The "Open Debate Coalition" - a group consisting of people such as Glenn Reynolds ("Instapundit") and Stanford law professor Larry Lessig  - is calling on John McCain and Barack Obama to open the presidential debates by allowing questions chosen by regular people and not just the MSM.
However, what they support has not only been proven to be a failure, but two of the signatories helped show how such formats can be gamed and another was involved with the system that was gamed. In brief, their proposal is a farce and a setup.
They prefer use of bubble-up Internet technology, which they call "the essence of the internet as we know it." In effect, online users submit the questions and then vote on their favorites, pushing the most popular to the top of the list. Debate questions would be taken from the top 25 vote-getters.
The experience of 10Questions.com shows how that can be gamed. In November, Patrick Ruffini was able to propel a weak question to the top of the 10 Questions heap and it was asked of the candidates in some way. The month before, MoveOn was able to propel an even weaker question to the top of the heap, and that was asked of Obama during an MTV/MySpace televised debate. Not only that, but BHO had already stated his position on the topic months before.
Guess what: both Ruffini and two people from MoveOn are signatories on the current letter. And, another signatory is from TechPresident, the group that produced 10Questions. I guess they all want another crack at an "open debate".
I've already discussed how to make such systems work. And, in fact, I proposed that system to one of the groups behind 10Questions and they weren't interested. Instead, they joined forces with the New York Times and MSNBC to push the weak format that Ruffini and MoveOn were able to game.
Other systems show how a raw popularity vote pushes weak questions to the top and submerges the ones that partisan hacks don't want to discuss; for one example, see this.
So, why is the "Open Debate Coalition" proposing something that's a proven failure? Could it be that they don't really want real debates at all but are simply partisan hacks who want to manipulate the debates to their own advantage? Perish the thought!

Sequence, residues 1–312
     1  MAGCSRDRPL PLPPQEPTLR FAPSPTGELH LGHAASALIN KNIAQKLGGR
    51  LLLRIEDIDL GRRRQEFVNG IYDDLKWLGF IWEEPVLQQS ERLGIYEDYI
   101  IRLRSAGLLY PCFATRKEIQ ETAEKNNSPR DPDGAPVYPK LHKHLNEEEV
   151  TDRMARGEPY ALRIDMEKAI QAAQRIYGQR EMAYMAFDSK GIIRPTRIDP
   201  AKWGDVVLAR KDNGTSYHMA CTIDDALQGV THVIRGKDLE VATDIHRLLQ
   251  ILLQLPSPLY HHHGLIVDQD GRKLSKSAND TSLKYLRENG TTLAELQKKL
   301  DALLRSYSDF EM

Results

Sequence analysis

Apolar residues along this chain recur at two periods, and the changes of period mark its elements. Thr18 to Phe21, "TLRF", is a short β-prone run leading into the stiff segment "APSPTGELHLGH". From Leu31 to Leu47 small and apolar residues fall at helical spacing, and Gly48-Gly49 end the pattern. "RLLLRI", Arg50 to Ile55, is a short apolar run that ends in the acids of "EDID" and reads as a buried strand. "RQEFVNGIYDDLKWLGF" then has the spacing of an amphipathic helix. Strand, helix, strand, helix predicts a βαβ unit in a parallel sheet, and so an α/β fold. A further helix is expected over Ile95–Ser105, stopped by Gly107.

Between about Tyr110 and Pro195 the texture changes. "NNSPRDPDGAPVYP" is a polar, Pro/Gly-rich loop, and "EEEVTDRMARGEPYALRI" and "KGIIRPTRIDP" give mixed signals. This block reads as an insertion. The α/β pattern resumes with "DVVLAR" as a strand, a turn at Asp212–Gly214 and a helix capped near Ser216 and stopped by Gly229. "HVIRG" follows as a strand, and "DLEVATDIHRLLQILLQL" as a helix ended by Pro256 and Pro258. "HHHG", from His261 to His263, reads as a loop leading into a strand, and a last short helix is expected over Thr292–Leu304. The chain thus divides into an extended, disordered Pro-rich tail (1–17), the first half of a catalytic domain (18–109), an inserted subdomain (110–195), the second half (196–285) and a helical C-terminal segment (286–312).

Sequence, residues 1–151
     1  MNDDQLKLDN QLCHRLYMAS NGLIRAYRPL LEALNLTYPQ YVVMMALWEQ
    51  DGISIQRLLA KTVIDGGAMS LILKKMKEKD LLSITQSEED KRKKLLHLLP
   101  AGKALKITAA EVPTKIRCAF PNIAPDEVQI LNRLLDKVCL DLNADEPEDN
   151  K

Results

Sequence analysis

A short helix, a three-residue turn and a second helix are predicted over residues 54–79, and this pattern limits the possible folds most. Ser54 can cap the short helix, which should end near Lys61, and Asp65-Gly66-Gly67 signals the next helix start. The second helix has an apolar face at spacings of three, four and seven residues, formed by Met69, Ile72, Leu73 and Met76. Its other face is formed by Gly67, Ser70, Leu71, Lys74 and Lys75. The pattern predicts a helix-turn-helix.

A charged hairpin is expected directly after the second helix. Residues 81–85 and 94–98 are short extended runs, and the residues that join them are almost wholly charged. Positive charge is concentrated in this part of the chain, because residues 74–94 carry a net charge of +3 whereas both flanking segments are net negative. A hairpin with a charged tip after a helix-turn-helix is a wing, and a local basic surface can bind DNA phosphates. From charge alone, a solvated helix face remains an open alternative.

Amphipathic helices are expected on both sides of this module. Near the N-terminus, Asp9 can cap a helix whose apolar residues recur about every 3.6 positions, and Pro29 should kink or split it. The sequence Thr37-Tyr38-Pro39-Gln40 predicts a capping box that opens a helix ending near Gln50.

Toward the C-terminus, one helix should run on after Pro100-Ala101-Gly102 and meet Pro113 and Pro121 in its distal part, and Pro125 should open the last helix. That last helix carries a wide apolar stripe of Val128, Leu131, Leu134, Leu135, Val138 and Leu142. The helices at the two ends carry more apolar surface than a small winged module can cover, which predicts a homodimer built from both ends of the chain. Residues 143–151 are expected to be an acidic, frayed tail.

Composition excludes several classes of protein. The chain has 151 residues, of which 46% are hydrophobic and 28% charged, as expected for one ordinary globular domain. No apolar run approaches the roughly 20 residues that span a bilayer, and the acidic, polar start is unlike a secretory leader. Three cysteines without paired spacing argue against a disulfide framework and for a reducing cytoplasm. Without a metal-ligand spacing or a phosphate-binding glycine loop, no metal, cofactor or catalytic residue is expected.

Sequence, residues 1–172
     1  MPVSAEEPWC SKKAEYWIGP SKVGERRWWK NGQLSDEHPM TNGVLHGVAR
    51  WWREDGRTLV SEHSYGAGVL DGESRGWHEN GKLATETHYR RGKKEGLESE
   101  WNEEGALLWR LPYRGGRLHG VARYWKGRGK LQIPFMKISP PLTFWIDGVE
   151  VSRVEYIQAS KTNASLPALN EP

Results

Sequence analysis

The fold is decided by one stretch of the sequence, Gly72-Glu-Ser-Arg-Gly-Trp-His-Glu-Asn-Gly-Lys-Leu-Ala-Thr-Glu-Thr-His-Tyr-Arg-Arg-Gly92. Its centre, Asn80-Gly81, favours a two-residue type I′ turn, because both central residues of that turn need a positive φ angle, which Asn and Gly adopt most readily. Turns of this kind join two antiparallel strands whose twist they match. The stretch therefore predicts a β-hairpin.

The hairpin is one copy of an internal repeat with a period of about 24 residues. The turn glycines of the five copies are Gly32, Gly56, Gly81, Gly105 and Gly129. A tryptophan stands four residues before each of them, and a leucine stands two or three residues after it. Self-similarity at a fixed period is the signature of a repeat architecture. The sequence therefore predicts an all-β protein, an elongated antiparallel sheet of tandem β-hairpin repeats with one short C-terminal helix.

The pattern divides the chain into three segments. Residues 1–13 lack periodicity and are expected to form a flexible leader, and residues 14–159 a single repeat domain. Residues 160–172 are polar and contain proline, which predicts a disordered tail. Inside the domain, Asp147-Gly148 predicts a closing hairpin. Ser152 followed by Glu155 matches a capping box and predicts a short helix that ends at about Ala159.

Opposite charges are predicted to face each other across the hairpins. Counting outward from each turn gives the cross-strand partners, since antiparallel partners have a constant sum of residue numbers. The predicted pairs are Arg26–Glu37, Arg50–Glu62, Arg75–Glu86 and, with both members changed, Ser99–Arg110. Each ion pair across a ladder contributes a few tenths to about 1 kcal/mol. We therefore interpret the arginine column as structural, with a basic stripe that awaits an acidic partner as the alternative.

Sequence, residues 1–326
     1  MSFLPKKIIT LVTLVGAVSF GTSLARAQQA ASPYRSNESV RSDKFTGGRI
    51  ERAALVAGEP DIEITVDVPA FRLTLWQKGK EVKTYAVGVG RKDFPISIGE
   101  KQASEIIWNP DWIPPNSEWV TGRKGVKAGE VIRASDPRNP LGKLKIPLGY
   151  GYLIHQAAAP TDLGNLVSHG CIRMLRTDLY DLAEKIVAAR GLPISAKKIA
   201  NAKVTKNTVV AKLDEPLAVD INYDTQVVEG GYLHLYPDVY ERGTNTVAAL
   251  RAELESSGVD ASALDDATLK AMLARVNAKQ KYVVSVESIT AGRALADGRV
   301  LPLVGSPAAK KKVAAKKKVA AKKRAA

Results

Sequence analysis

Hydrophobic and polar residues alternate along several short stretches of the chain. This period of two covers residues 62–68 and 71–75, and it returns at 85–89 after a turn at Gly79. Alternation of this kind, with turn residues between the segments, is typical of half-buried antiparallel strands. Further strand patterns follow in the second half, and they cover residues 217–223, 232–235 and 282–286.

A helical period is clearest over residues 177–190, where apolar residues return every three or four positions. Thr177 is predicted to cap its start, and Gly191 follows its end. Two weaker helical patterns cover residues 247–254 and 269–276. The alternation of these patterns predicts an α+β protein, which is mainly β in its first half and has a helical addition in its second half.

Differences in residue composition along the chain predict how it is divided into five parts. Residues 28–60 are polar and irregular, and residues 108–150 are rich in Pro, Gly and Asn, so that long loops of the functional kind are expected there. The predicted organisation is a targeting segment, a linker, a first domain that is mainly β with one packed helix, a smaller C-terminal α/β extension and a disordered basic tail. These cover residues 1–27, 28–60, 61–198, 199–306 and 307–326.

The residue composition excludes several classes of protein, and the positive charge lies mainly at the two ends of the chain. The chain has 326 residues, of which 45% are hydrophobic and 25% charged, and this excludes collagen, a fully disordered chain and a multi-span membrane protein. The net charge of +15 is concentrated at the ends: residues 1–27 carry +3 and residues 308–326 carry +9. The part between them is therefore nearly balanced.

UPDATE: In response to the first comment from Adam Green with MoveOn:
1. I'll take his word for it that Ruffini's question wasn't asked on TV. If it wasn't asked there, I assume it was asked of the candidates in some way. I've changed the above.
2. About the MoveOn/net neutrality question, this site says: "Obama's revelation wasn't exactly jaw-dropping" and I'll go a bit further. That question was akin to asking, "Comrade Lenin, do you agree that shoelace production is up 43%?" Ideally, questions should be adversarial and that was not.
3. There are literally thousands of bloggers and hundreds of various kinds of pundits who could vote under my plan, and all their votes would have the same weight. Under the "bubble-up" plan, Instapundit and others who get a large amount of traffic could cancel out the votes of almost everyone else simply by encouraging their readers to vote up certain questions. Under my plan, tough questions about immigration would stand a chance; under the "bubble-up" plan they'd be voted down by Party hacks who don't want that topic to be discussed.
4. No moderator, aside perhaps from those who'd never be selected as a moderator, would assuage my concerns about those who don't want tough subjects to be broached attempting to put their thumbs on the scale.
 Here are the members of the coalition. Almost all of the ones I'm familiar with are partisan hacks:
Lawrence Lessig – Professor, Stanford Law School & Founder, Center for Internet and Society
Glenn Reynolds – Professor, University of Tennessee Law, and founder of Instapundit.com blog
Craig Newmark – Founder, Craigslist
Jimmy Wales – Founder, Wikipedia
David Kralik – Director of Internet Strategy, Newt Gingrich's American Solutions
Eli Pariser – Executive Director, MoveOn.org Political Action
Adam Green – Director of Strategic Campaigns, MoveOn.org Political Action
Mindy Finn – Republican strategist, former Mitt Romney Online Director
Patrick Ruffini – Republican consultant, Bush/Cheney 2004 eCampaign Director
Arianna Huffington – Founder, Huffington Post
Markos Moulitsas – Founder, DailyKos.com
Jon Henke – New media consultant, including for Fred Thompson, George Allen, and Senate Republican
Mike Krempasky – Founder of RedState.com
Matt Stoller – Founder/Editor, OpenLeft.com
James Rucker – Executive Director, ColorOfChange.org
Robert Greenwald – President, BraveNewFilms
Kim Gandy – President, National Organization for Women
Carl Pope – Executive Director, Sierra Club
Micah Sifry – Co-Founder, Personal Democracy Forum and TechPresident.com
Shari Steele, Executive Director, Electronic Frontier Foundation
Josh Silver – Executive Director, Free Press
Carl Malamud – Founder, Public.Resource.Org
Roger Hickey – Co-Director, Campaign for America's Future
Politics · Fri, 09/26/2008 - 07:53 · Importance: 1